The future of nuclear power? Think small
It’s not quite Stagg Field, the University of Chicago site of the first nuclear chain reaction in 1942. But perched in what looks like a giant birdcage at Oregon State University is a steel cylinder nearly 20 feet tall, thick as a redwood, bristling with gauges and wrapped in a tangle of wires. Nearby, in a windowless control room, two dozen digital displays surround a central operations bench.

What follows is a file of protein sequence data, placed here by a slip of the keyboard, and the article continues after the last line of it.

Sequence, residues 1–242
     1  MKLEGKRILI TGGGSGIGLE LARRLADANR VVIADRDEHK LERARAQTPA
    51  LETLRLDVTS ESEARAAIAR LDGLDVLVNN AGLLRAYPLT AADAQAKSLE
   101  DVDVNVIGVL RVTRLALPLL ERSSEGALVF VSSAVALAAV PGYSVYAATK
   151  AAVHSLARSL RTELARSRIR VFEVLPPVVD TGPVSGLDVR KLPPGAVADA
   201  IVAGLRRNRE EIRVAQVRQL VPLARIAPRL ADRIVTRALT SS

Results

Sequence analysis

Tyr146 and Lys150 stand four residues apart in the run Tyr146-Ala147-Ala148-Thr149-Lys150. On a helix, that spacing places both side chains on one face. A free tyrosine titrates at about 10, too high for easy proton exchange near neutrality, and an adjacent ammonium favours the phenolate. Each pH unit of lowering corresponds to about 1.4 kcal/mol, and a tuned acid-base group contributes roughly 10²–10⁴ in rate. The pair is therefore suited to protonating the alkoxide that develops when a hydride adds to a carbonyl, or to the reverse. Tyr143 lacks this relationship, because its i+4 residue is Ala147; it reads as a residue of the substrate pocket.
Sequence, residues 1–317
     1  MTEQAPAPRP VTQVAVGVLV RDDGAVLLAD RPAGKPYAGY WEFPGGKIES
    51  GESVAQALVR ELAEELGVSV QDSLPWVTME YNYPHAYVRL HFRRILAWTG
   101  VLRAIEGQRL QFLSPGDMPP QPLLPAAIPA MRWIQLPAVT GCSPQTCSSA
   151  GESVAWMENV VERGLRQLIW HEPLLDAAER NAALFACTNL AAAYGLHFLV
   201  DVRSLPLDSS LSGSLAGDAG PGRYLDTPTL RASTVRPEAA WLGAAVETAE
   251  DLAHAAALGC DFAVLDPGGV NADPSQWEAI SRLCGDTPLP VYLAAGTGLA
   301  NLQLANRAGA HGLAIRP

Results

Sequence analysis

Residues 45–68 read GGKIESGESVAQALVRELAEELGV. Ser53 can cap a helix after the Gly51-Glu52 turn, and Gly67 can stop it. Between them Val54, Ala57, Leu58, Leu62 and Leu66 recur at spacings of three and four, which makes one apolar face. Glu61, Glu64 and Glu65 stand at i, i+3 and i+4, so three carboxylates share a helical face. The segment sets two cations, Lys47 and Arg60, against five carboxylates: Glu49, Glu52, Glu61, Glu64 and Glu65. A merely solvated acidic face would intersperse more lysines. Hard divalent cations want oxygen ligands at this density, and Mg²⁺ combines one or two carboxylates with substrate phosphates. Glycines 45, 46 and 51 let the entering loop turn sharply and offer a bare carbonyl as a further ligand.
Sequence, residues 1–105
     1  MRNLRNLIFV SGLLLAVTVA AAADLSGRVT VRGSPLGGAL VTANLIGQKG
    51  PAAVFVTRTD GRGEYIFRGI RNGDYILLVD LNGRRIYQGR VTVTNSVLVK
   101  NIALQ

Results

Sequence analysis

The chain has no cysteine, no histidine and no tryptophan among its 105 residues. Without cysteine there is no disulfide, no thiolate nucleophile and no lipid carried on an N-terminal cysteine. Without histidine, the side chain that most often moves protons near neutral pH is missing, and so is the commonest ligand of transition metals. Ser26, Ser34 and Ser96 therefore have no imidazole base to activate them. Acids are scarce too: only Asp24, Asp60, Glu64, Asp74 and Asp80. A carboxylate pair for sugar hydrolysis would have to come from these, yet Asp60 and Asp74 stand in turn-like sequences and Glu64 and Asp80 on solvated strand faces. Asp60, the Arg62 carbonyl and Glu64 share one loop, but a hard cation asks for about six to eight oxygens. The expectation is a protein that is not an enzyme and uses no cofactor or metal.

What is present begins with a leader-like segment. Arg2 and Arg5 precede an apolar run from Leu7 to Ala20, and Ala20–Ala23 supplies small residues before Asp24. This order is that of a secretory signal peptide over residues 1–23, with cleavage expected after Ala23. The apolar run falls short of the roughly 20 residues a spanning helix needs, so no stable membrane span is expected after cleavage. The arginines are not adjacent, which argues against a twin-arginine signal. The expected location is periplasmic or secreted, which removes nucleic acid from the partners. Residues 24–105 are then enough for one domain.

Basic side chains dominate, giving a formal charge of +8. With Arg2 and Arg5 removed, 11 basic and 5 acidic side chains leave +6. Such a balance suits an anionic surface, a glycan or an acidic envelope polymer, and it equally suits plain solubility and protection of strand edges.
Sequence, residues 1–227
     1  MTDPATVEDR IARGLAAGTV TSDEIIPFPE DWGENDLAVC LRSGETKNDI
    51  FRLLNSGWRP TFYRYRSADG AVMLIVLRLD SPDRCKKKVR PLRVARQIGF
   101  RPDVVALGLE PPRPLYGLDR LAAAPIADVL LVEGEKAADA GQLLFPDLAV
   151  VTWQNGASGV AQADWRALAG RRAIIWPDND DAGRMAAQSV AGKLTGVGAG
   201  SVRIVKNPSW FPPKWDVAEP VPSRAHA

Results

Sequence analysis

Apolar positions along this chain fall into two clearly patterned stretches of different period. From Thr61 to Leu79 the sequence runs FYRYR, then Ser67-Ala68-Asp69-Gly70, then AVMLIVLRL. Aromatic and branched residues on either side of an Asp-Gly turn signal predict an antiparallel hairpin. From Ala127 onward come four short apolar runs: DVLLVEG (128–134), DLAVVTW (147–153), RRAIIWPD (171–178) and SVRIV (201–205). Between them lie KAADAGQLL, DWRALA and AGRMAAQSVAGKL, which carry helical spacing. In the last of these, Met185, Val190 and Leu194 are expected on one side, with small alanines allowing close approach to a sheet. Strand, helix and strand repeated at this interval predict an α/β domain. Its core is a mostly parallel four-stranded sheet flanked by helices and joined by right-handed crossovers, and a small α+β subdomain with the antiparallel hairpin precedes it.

Jose Reyes, the founder of NuScale Power, showed off the facilities like an owner appraising his barn of prize thoroughbreds. “Year by year we are getting closer to our goal,” he said.
If Reyes and other experts are right, his steel cylinder — a one-third scale model of the reactor his company hopes to build — will lead a revival of U.S. commercial nuclear power by overcoming two problems that have crippled the industry: escalating costs and the risk of devastating accidents.